The Nineties does tell you a fair amount ab0ut Bracewell's obseSSions though Bowie. Roxy Musrc. Malcolm McDowell. Michael Caine most of whom. of c0urse. had their heyday long before the 90s were a beil on the arsehole of the 20th century. Give me the NOughties any day. (Doug Johnstonel




THE VINES Highly Evolved iCapitoli 00

Sometimes the hype is Justified and sometimes it isn't. Nit/7E coverstars the Vines aren't a bad band. but this is far from a great album. Once you get past the fine spiky. shreaky punk rock barrage of singles ‘Highly Evolved” and ‘Get Free'. their debut ends up SOunding deCIdedly anaemic. There's a few indentikit melancnoly strumaiongs for the AM rock fans to sway to and a ‘ew dull fillers to allow everyone to go to the bar. but when you get back the obvious question is ‘is thrs it?’ Sadly in this case. desp;te the bubbling throb of ‘Sunshinin", it is. (James Sll‘étrfl


Evil Heat

(Columbiai 00.

I- .~

Primal Scream would have us believe they are ROCK'N'ROLL but I'm not so sure anymore. They still talk the talk better than any but the music all seems too contrived to completely conVince. Evr/ Heat is a truly charmless and scliizot>lireriic record. For every hard rockin' motherfucker here there's a scrawny. under-fed kill-it-for-its- own-sake turkey pecking away at the back of the barn.

“Deep Hit of Morning Sun' is truly tremendous. SuiCide Wlth tablas and ketamine instead of 808s and speed and the two—note garage mantra that is 'Skull X' knows its Pebb/es from its stoners. Even when the songs aren't bad (Detroit.

very Scottish. Well-exeCLited. rehearsal-room-rough slices of angularity contend with DaVid Robertson's sensrtive but Knowing IyrICIsm throughout. That said. there's variety within the basic formula. ‘She's Gotta Hold on Me'. for example. resembles an unreleased demo of ElVlS Costello fronting the Undertones. while ‘What WOuld Your Daddy Say’?‘ emulates early Teenage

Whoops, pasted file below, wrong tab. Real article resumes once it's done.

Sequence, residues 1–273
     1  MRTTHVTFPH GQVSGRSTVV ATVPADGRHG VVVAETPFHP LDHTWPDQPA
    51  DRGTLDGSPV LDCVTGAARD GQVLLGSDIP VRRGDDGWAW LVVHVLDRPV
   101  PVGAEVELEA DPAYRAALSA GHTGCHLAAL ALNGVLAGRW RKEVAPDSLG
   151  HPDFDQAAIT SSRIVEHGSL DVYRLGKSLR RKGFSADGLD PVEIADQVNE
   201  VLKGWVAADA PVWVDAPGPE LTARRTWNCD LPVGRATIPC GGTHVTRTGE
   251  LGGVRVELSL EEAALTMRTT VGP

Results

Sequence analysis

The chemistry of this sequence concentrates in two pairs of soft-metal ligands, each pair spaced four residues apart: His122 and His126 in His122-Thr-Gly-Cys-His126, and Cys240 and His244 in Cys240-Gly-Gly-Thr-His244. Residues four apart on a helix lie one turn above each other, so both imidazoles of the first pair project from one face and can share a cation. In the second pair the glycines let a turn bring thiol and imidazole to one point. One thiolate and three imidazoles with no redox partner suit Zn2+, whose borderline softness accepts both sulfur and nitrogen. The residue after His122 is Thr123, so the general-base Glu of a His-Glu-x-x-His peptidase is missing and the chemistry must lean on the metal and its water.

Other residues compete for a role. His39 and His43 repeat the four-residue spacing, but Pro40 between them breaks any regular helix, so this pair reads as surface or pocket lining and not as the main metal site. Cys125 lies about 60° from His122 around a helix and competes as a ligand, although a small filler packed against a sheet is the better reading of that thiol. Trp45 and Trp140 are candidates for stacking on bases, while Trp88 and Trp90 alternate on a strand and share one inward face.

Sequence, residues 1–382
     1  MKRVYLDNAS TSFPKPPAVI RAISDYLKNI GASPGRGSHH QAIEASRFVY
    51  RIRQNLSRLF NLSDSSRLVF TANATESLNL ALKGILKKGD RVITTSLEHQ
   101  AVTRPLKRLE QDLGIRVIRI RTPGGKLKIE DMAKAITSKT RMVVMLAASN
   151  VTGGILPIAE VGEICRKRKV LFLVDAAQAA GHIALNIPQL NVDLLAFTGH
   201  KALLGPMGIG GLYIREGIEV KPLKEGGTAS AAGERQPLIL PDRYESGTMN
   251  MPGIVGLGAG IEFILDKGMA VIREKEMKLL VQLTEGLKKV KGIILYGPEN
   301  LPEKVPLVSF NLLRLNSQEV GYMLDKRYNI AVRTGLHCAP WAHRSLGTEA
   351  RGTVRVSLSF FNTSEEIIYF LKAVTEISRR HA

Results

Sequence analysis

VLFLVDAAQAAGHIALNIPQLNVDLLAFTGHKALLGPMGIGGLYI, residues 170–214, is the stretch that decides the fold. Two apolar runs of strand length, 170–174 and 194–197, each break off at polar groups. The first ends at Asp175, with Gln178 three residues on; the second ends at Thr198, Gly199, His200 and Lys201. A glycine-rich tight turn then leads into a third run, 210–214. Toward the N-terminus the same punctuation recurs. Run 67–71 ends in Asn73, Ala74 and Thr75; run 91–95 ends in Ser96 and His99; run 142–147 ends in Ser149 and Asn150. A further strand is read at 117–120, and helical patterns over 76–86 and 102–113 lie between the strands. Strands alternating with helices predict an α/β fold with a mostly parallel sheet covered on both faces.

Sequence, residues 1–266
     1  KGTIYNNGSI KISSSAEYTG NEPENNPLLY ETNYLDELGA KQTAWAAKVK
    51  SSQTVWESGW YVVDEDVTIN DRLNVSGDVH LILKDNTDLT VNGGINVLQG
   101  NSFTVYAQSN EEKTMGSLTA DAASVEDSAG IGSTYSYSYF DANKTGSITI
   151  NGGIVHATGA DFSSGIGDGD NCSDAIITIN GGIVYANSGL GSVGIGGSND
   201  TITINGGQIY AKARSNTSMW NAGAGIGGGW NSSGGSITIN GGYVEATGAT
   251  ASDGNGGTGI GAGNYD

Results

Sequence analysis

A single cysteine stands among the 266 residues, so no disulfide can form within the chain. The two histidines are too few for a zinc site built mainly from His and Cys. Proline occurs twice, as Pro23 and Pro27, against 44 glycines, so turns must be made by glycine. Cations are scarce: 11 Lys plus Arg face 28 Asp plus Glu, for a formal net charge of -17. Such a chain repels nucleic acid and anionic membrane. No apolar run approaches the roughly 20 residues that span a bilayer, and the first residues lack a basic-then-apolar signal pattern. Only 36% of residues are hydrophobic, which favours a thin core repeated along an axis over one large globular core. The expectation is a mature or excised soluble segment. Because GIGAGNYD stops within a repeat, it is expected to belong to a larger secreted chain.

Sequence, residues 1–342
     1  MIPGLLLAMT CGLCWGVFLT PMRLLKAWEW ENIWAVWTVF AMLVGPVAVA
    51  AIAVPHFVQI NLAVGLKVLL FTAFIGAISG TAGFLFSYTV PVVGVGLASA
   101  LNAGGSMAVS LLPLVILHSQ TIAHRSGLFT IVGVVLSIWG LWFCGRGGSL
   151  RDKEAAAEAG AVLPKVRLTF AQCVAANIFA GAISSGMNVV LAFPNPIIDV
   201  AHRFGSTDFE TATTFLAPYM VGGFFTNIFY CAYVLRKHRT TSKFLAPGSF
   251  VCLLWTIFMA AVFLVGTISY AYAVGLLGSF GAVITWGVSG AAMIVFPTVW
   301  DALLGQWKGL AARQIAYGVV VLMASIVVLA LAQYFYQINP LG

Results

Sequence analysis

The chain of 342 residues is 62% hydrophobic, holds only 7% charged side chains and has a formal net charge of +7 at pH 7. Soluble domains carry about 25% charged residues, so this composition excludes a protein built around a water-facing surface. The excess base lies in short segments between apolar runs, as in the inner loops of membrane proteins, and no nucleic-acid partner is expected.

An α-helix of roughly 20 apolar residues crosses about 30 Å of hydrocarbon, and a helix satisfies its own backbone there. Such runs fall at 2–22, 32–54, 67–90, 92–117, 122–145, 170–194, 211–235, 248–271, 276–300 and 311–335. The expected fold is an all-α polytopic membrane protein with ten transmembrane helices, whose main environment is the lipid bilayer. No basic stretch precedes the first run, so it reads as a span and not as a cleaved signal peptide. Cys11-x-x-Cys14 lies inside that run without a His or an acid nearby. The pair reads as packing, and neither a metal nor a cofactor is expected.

“Space Blues 321 they lack that special something that gave 2000's X T/t/tNTR an edge. Bob C may well be tearing up the global political system for arse paper with his lyrics but Kevin Shields has rendered him inaudible anyway. Style over substance.

(Mark Robertson)

F'RaORKGICDRIVE Fanclub in that it 80unds What.s The Beef? like the Beach Boys ,KFM, ... playing second down the

bill at La Belle Angele on a Tuesday night. It goes On for ages. but you really won't mind.

Not quite touched by genius. then. but certainly soaked in talent. (David Pollock)

Even though they've been on the go for ages. Edinburgh quartet Magicdrive have only JUSt got round to releaSIng this. their debut album. And it's


-LJI... '-


“I... . . f l _ Musicians hate to be compared to other musicians. 'lt's lazy journalism.‘ they say. Fuck 'em. That's their problem, and they'd better not read this round-up then. The Kills' ‘Black Rooster EP' (Domino .0. ) is essentially a serial-killing White Stripes. while ‘The King and Queen of Style’ (Lithium COO ) by local noisenickers the Needles is Hives-like cartoon garage, only with bigger bollocks.

Fellow Scots the Hector Collectors are ludicrous. and their ‘Tantric New Romantic' (Press Hat and Cigar COO ) is Half Man Half Biscuit with dafter tunes, including an excellent one about Billy Sloan. ‘24/7’ (Instant Karma 0. ) by the Kennedy Soundtrack is limp rap-metal. making them a duff version of Papa Roach while. somewhat cyclically. Hell is for Heroes’ ‘I Can Climb Mountains' (Chrysalis O ) is an even duffer version of the Kennedy Soundtrack. We’re getting nowhere.

Alternative 3 aren’t helping. 'Download' (Floating World 0 ) is Jesus Jones on alcopops. while ‘Stux' (Boss 0 ) by Reuben is a less posturing Placebo with angst in its soiled pants. Gemma Hayes pitches in with 'Let a Good Thing (30' (Source 00 ) tedious Coldplay-esque corporate indie.

Thank fuck then for Joint Singles of the Week, Max Tundra and Autechre. The former‘s ‘Lysine' (Domino O... ) sounds like Five Star savagely beating a photocopier with a drum machine while the Iatter's 'Gantz Graf' (Warp 000. ) sounds like the photocopier getting its own back. (Doug Johnstone)